Woodward's 'Blind Spot' deserves a look


If you haven't been in a card shop lately, you're in for a shock. Whole sections are devoted to "recovery" sentiments and wishes -- recovery from alcoholism, drug abuse and life-threatening relationships, to name a few.

People who know where their loved one's detox center is can send them a card of support.

It's not surprising, with recovery cards ready to go and Mother's Day right around the corner as well, that Hallmark offers us a drama about a mother-daughter relationship that involves substance abuse.

"Blind Spot," the Hallmark Hall of Fame movie at 9 Sunday night on WBAL (Channel 11), is a two-card story.

Hallmark is one of the few sponsors that still produces its own movies -- rounding up the story, talent and overseeing production, like the TV producers of the 1950s. We see love stories just before Valentine's Day and families-around-the-turkey-and-tree stories in November and early December.

It would make more sense for this drama to air on Mother's Day, but that wouldn't give viewers the lead time to get out there and buy those written sentiments. And let's not forget that commercial TV is first about commercials.

Frequently, however, Hallmark does care enough to send the very best drama to us, if a week early. And Sunday's film is an example of a sponsor wanting to be associated with quality.

The quality in question is Joanne Woodward, who only continues to get better in TV movie after TV movie. And she started out as merely sublime. Woodward might be the best reason for the form, which is frequently pablum, to continue.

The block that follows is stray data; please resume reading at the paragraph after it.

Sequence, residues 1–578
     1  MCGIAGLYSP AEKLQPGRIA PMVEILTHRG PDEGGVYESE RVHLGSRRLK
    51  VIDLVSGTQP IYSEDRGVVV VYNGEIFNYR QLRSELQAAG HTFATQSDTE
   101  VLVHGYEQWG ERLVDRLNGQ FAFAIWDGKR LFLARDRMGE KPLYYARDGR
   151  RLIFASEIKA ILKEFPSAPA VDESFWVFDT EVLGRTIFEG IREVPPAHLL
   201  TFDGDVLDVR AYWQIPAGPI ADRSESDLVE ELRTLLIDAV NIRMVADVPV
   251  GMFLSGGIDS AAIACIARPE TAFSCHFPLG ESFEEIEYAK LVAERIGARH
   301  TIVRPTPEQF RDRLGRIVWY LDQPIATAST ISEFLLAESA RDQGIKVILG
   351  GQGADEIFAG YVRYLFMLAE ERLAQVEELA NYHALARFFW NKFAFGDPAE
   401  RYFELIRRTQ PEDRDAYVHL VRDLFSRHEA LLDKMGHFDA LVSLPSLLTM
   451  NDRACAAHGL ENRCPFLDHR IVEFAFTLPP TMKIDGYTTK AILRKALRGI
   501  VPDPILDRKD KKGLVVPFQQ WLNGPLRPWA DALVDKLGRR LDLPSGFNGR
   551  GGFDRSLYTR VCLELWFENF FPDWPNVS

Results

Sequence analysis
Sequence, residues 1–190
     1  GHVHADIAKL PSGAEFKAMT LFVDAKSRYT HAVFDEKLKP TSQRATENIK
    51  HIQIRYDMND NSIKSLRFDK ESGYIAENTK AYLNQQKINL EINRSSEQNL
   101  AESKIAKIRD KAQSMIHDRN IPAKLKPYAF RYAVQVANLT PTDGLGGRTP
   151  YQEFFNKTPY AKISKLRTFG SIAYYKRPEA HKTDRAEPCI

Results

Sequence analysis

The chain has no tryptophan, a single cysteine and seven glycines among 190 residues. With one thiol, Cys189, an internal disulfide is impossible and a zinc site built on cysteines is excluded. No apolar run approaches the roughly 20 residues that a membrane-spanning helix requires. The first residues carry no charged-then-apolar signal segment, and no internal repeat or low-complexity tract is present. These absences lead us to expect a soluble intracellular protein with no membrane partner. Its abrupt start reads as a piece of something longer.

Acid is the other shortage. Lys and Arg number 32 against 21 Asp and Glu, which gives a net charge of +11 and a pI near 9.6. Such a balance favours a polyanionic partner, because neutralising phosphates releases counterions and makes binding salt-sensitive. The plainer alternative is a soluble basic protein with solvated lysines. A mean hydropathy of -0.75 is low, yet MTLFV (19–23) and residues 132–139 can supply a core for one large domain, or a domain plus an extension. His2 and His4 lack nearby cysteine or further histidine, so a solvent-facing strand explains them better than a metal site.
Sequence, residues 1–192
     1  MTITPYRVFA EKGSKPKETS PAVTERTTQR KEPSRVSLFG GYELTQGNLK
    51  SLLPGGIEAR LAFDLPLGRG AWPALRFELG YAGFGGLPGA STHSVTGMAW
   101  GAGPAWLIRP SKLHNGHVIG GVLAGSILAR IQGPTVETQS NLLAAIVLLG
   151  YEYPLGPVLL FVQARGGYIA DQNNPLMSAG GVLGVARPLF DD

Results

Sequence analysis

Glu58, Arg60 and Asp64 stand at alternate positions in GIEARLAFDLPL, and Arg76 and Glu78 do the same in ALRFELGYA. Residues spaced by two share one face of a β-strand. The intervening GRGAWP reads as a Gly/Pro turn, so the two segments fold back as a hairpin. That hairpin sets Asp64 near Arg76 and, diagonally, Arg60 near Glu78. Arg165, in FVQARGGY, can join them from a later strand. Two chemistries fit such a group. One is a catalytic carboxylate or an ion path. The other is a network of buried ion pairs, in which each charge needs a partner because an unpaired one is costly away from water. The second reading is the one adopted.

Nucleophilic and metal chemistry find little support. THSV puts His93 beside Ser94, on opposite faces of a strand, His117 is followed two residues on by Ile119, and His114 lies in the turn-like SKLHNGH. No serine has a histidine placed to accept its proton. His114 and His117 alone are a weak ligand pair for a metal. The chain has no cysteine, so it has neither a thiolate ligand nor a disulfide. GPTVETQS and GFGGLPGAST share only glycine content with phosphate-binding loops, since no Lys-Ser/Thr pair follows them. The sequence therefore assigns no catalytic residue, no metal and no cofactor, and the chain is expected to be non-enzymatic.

In "Blind Spot," Woodward plays a successful congresswoman who seems to be managing her personal life as successfully as her public one. Her daughter has married a man who was like a son to the congresswoman and is now her chief of staff. The daughter is pregnant, and the couple is happy about it. Woodward's husband, played by Fritz Weaver, is supportive and smart.

And, in all of this, Woodward puts her individual stamp on this "super-successful woman," breathing unique, memorable life into her. We might have seen the character done a hundred times before on TV, but this creature, her particular force, remains with us. Woodward's is the face we'll put on her in the future.

The script by Nina Shengold is also not predictable. And there's more blunt talk here about what drugs offer some people than most TV dramas have ever been willing to admit.

It emerges that the congresswoman's daughter has a drug problem. What should be left to the viewer is the considerable reward of seeing how the secret is revealed and what throws the daughter and the family around her into crisis. And it is crisis. This is a movie that reminds viewers that one person's drug abuse can destroy an entire family of lives.

Part of the proceeds from this film, it should be noted, go to the Scott Newman Foundation for drug abuse. He was a son of Woodward's husband, Paul Newman, and a previous wife. Scott Newman died as the result of a drug overdose more than a decade ago. So, Woodward has her own goals with this film, too.

It is rare that so many forces with so many goals -- Hallmark's commercial ones, the network's commercial ones and Woodward's social ones -- merge and the viewer comes out a winner. But that's how large Woodward's talent is -- big enough to remind us how good commercial made-for-TV movies can and should more often be.

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